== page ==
Chambers of the Eye
There are three distinct and interconnected chambers found inside the eyeball:
- The anterior chamber occupies the space between the corneal endothelium (anterior boundary) and the anterior surface of the iris, the pupillary portion of the lens, and the base of the ciliary body (posterior boundary). The circumferential angle of the anterior chamber is occupied by the trabecular meshwork, a drainage site for the aqueous humor into the canal of Schlemm.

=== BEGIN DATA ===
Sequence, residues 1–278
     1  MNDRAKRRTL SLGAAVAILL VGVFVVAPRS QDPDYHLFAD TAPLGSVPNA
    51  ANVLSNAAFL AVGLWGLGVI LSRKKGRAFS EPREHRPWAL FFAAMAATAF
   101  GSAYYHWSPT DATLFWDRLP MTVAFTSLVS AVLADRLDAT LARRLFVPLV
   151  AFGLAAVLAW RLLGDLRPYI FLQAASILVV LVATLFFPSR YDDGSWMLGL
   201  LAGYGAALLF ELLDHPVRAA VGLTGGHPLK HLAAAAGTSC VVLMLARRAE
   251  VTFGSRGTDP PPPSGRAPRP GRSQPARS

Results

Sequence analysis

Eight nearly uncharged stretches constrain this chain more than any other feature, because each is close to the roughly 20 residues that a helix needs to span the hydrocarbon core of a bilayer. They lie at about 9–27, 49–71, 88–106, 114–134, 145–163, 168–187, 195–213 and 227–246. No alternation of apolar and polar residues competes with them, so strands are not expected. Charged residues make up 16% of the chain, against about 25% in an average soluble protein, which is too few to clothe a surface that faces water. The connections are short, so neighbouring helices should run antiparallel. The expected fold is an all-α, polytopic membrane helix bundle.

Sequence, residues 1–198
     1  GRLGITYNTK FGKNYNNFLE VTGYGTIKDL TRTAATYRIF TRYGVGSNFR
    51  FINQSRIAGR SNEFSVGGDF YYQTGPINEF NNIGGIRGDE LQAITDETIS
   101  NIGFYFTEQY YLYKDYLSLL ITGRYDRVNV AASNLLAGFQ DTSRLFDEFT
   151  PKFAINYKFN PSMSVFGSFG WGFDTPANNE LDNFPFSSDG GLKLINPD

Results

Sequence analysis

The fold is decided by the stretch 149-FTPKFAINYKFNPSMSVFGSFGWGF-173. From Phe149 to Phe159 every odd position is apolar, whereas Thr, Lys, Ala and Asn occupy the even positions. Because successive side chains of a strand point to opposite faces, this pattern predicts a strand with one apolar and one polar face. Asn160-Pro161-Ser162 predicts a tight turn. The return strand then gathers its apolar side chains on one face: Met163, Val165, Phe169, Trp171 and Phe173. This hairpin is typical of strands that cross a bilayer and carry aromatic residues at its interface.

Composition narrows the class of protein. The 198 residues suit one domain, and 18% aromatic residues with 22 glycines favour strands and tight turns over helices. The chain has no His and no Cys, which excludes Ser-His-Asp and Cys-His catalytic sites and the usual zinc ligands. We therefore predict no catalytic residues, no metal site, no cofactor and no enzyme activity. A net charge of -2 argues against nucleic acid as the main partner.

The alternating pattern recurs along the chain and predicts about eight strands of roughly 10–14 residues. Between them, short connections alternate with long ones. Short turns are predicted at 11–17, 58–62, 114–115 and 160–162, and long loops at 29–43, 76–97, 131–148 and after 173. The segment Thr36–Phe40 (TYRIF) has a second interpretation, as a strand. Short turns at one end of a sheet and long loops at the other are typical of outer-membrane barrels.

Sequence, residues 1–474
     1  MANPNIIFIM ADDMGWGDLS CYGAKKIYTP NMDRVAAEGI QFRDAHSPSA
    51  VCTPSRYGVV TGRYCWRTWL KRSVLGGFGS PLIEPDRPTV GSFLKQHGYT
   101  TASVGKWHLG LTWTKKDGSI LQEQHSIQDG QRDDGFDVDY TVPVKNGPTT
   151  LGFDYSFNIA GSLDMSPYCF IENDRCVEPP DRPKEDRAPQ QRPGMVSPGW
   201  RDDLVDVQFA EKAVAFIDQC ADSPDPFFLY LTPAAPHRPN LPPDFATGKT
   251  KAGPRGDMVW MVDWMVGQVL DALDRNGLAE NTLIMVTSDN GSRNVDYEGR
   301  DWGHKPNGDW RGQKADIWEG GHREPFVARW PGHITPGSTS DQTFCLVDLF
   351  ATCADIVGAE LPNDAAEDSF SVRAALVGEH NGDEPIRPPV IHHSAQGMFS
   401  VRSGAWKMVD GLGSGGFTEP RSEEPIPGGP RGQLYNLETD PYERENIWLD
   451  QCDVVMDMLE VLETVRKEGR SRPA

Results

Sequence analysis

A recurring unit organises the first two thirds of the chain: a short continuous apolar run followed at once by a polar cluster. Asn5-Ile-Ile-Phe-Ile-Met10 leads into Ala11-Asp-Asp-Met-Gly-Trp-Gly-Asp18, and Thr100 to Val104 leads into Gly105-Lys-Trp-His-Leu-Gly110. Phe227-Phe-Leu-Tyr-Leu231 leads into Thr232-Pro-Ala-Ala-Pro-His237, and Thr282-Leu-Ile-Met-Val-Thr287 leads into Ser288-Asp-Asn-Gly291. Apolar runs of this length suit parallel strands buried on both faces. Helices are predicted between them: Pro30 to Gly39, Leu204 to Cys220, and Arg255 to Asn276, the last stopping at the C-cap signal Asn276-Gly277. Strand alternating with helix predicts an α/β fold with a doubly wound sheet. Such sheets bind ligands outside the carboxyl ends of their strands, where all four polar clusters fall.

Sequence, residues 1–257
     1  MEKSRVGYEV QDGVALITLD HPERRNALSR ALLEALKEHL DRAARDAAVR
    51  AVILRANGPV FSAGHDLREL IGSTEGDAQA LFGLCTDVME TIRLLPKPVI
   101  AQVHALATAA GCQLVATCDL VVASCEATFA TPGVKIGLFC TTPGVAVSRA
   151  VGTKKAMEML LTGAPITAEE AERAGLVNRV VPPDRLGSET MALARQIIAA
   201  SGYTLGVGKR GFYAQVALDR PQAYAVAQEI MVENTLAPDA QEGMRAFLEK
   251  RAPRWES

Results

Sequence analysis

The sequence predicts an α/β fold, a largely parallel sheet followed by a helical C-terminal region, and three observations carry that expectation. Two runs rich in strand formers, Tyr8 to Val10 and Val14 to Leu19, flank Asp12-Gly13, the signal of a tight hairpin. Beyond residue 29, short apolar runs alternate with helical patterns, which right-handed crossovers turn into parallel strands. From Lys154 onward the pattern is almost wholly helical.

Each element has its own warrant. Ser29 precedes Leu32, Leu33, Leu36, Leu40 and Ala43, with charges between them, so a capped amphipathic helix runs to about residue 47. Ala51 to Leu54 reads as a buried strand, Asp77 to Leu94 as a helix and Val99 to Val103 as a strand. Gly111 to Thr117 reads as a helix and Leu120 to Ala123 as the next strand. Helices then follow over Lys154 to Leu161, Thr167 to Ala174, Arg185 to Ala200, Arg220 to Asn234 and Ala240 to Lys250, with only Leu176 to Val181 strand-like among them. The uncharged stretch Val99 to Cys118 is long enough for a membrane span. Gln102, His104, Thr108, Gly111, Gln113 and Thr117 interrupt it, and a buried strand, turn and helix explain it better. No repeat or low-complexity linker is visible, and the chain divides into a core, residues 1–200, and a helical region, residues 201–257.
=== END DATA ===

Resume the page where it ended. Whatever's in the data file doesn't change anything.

- The posterior chamber is limited anteriorly by the posterior surface of the iris and posteriorly by the lens and the zonular fibers (suspensory ligaments of the lens). The circumferential angle is occupied by the ciliary processes, the site of aqueous humor production.
- The vitreous cavity is occupied by a transparent gel substance-the vitreous humor-and extends from the lens to the retina. The vitreous humor contains mostly water (99%), hyaluronic acid, and collagen fibers, both produced by hyalocytes.